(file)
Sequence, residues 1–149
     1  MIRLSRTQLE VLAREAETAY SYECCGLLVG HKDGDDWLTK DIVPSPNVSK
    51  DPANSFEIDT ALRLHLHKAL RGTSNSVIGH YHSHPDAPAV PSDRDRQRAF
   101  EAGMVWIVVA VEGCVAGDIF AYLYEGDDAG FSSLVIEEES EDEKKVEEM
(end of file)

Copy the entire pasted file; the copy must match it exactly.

Sequence, residues 1–149
     1  MIRLSRTQLE VLAREAETAY SYECCGLLVG HKDGDDWLTK DIVPSPNVSK
    51  DPANSFEIDT ALRLHLHKAL RGTSNSVIGH YHSHPDAPAV PSDRDRQRAF
   101  EAGMVWIVVA VEGCVAGDIF AYLYEGDDAG FSSLVIEEES EDEKKVEEM